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“We do not store experience as data, like a computer, we story it.”2
“It is difficult to get the news from poems, yet men die miserably every day for lack of what is found there.”3
Poetry and medicine have gone hand in hand since Apollo was the god of both. Literature is a vital element in medicine: biomedical science looks at a slice of experience; literature is as wide as life itself. We would like to invite you on a trip into the depth of life: through literature. Every issue of Medical Humanities will contain a section of original creative writing, offering a window onto the practice, experience, thought and feeling of colleagues, through their writing. Our own and others' stories of practice are our stores of experience, knowledge and skill—embedded in practice. Writing them makes the experience more available to the writers themselves. Reading them, in pages such as this, is a sharing of that wisdom.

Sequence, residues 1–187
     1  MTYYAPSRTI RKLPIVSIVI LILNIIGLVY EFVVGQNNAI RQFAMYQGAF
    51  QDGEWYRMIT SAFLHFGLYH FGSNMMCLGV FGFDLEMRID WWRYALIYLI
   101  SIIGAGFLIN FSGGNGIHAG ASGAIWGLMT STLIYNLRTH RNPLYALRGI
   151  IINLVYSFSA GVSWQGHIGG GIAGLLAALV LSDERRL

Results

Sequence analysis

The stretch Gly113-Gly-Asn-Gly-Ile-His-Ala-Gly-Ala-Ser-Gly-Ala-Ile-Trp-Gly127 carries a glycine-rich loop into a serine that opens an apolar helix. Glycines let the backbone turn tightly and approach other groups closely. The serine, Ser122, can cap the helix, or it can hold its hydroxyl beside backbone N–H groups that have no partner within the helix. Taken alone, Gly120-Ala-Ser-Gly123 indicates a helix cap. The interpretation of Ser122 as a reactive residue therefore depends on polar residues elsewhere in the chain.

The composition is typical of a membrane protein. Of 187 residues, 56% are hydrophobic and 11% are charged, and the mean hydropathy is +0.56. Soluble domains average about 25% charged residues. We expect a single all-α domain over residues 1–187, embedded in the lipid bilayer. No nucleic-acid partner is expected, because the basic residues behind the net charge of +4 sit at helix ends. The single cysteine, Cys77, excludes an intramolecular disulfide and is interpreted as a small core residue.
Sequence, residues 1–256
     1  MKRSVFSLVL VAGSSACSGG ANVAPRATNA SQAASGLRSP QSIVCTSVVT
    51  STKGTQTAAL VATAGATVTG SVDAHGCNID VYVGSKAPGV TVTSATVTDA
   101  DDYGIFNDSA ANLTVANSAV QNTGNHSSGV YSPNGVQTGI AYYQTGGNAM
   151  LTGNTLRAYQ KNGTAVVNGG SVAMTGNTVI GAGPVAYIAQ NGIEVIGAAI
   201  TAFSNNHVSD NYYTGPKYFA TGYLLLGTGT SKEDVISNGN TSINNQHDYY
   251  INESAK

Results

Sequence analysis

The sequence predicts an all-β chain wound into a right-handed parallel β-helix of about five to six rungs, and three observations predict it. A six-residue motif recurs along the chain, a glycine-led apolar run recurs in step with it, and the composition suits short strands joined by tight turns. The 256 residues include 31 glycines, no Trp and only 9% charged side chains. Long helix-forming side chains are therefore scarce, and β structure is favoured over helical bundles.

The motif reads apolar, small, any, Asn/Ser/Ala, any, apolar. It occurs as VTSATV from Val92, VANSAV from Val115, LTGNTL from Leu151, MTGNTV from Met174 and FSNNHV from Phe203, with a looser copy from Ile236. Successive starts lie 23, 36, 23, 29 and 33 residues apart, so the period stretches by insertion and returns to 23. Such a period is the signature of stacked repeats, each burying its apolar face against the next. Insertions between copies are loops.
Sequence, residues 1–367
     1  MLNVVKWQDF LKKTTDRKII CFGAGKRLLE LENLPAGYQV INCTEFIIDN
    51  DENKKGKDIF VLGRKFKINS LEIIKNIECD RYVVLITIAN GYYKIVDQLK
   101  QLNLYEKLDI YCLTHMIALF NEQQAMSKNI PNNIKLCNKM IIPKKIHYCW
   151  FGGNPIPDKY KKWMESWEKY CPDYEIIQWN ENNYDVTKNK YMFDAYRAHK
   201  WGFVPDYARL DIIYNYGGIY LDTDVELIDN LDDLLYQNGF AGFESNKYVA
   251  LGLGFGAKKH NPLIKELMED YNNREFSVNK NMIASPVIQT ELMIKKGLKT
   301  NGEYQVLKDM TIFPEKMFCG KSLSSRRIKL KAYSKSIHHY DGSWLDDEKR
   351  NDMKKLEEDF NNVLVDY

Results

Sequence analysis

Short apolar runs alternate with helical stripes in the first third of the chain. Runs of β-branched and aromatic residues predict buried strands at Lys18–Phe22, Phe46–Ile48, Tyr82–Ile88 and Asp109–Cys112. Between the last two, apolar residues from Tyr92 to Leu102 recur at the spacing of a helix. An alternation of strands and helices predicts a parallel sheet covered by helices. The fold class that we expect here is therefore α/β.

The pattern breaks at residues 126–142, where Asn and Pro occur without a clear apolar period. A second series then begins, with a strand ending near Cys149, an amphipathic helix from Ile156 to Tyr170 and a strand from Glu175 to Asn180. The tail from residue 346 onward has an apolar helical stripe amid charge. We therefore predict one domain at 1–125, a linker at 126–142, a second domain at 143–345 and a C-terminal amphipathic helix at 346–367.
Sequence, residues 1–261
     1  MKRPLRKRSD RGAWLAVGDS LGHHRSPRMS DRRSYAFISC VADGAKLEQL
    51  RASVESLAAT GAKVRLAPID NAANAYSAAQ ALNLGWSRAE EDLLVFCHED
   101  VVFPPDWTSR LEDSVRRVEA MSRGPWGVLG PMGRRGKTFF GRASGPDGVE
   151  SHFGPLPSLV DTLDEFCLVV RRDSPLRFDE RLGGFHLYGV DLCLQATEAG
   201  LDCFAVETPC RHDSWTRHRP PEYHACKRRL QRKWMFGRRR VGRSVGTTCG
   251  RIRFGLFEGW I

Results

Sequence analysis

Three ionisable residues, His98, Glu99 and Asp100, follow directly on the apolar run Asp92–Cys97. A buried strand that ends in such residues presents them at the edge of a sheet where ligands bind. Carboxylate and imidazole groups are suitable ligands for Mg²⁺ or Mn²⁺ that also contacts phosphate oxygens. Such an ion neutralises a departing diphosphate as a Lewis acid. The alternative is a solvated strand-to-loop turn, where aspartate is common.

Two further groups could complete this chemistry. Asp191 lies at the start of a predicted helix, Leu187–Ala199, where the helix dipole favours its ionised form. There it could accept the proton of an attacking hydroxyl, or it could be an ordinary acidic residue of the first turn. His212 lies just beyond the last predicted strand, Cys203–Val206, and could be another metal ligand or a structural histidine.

Literature takes us out of our own milieu and into another: makes us aware of things we had not expected to see, or were not used to seeing, although they were there all the time, just as Virginia Woolf describes Orlando, who “opened his eyes, which had been wide open all the time”.4
And as Montgomery Hunter says:
“Literature constitutes a source of knowledge. For those to whom the experiences are familiar, narrative is confirming; for those reading about something new, the view of human possibility is enlarged …
“Physicians turn to professional journals for accounts of difficult or unusual cases and new developments that offer hope of altering the plots in old stories of disease. Likewise, in fiction, autobiography, and drama they can broaden their knowledge of human beings not only beyond the textbooks in human behaviour but beyond …
Gillie Bolton is Research Fellow in the Institute of General Practice, Sheffield University Community Sciences Centre, Northern General Hospital, Sheffield S5 7AU.